Officials seek public's help in historic Quincy school fire investigation

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By: WCTV Eyewitness News
April 6, 2017

QUINCY, Fla. (WCTV) – The State Fire Marshal's Office is seeking the public's help in an investigation into a fire at the William Stevens School in Quincy last month.

The historic school on West 4th Avenue was declared a total loss following the fire on March 26th.

The Bureau of Fire and Arson Investigations (BFAI) is asking that any members of the public who may have been on scene at the Stevens School prior to first responders arriving on scene, and were able to take any pictures or videos, or have any information regarding the fire, to please call BFAI Investigator Jason Roberts at 850-413-3911.

Officials say the investigation is open and ongoing.

By: WCTV Eyewitness News
March 28, 2017

QUINCY, Fla. (WCTV) -- The State Fire Marshal's Office is continuing to investigate a fire at the William Stevens School in Quincy on Sunday.

Officials say the building is a total loss and the structure of the building being compromised poses a serious hazard for investigators working to determine the cause of the fire.

Officials say the investigation is open and ongoing.

By: Lanetra Bennett
March 27, 2017

QUINCY, Fla. (WCTV) -- Community members in Gadsden County are devastated by the loss of the William Stevens School. The historic landmark burned down early Sunday morning. Authorities say the fire started around 1:19 a.m. The school is located on West 4th Avenue near Live Oak and Cooper Streets in Quincy.

Authorities say it took six hours to get the fire under control.

The school was built for all grades in the 1920s. Residents say it was the only school for blacks in Gadsden County before integration.

Smoke was still spewing from the debris on Monday afternoon.

"It's a sad thing for Gadsden County," said 96-year-old Maggie King.

She remembers attending the school from third grade, until she graduated in 1946. Seeing the school where she later became a teacher breaks her heart.

"It was just devastating. It was kind of like you lost a relative when you hear of a death like that. It was similar to that kind of feeling that you have," King said.

King says her experience at school inspired her to become a teacher at Stevens School. She even named her son, Bernard, after one of her teachers at the school.

Joyce Fields Redding can recall almost everything about her school years. Looking at the smoking school, she pointed out all of her classrooms. "The room that's standing in front of the two palm trees, that's my first grade class. Right there was my second, where the sign is. Third grade, Ms. Alice May Jackson; fourth grade was Ford, fifth grade, Ms. Crenshaw."

Redding went to Stevens School from first through eleventh grade, then graduated in 1956 from Carter Parramore, which she says replaced Stevens school.

She said, "I was just devastated. I said, oh my school has been destroyed."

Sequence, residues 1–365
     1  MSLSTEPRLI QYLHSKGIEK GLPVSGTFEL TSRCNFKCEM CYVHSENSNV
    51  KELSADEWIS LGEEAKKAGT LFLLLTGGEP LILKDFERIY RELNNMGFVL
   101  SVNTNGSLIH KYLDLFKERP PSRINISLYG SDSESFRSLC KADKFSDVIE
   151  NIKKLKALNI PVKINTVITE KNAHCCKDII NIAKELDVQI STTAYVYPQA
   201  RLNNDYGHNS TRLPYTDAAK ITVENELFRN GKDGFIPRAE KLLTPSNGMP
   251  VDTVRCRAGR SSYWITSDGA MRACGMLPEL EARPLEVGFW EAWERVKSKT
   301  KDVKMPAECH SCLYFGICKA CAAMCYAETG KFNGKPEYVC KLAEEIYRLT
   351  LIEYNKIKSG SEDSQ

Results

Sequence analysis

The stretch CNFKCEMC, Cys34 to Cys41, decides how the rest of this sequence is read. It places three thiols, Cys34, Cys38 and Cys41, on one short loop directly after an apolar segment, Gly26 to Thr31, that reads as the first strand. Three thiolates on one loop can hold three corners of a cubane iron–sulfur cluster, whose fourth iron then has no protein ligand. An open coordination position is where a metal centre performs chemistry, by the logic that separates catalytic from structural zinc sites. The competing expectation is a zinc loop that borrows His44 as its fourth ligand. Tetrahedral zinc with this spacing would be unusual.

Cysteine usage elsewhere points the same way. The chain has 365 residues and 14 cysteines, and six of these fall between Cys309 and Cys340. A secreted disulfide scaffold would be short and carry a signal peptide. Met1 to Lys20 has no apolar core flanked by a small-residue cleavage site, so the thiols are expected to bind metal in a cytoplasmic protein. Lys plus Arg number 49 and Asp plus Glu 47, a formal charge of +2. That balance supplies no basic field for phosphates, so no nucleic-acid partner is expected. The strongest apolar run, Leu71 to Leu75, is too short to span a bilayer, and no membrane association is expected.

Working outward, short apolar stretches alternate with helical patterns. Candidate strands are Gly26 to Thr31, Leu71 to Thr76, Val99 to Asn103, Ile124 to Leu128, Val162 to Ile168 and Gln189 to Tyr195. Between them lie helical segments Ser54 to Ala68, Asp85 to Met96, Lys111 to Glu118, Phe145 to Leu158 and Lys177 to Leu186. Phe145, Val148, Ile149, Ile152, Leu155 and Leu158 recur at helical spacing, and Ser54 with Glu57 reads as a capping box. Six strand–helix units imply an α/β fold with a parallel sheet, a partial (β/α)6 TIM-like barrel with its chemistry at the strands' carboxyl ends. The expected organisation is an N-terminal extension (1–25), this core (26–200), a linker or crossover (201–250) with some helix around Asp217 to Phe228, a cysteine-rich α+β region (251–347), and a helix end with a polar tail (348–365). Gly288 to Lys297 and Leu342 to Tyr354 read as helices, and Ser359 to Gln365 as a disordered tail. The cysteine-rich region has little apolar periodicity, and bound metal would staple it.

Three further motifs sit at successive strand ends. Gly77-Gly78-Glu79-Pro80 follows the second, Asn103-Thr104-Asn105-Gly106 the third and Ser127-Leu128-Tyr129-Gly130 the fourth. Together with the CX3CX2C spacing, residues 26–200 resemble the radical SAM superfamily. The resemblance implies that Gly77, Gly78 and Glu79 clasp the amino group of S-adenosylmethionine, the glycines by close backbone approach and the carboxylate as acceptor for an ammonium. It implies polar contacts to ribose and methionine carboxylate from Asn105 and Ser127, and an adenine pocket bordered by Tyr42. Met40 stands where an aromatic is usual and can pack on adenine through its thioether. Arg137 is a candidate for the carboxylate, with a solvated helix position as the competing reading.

Former student, Geraldine Holt, said, "I am sad definitely. This was special. This is our history. Yes, this is our history. It was so saddened to hear that it had burned."

An estimated million dollars of history and artifacts were destroyed. The old school had become home to an African Artifact and Cultural museum in recent years.

The museum's owner, Priscilla Stevens Kruize, said, "It's death. It's very, very bad for me. I had many pieces here. I just cannot believe that."

There was also a barber shop housed in the building.

No injuries were reported. At this time, we do not know the cause of the fire.

By: WCTV Eyewitness News
March 26, 2017

GADSDEN CO., Fla. (WCTV) -- A historic school in Quincy has been declared a total loss after being destroyed in a Sunday morning fire.

Quincy fire officials say they received a call around 1 a.m. about a structure fire at Gadsden County Stevens High School. The building is located on the 1000 block of West 4th Street, near Live Oak and Cooper Streets.

Fire crews were on scene for most of the morning, stabilizing and securing the structure. The school was declared a total loss by officials.

At this time, the cause of the fire is still unclear. The State Fire Marshal's Office is currently investigating.

Fire officials were able to confirm that the building has been registered as a historical landmark.

According to the Visit Florida website, the Stevens School was built in the 1920s. It's named after Dr. William Spencer Stevens, the first African American to open a medical practice in Quincy in 1906.

The Gadsden County Board of Commissioners issued a statement through social media saying that the school had been slated to receive a new roof in the near future.

"It is with great sadness that we announce the fire that consumed the historic Stevens School. There were plans to put on a new roof in the next few months and ultimately renovate the entire building in the near future. Pray for our county as we find a way to move forward during this difficult time," the statement reads.

There were no injuries reported in the fire.

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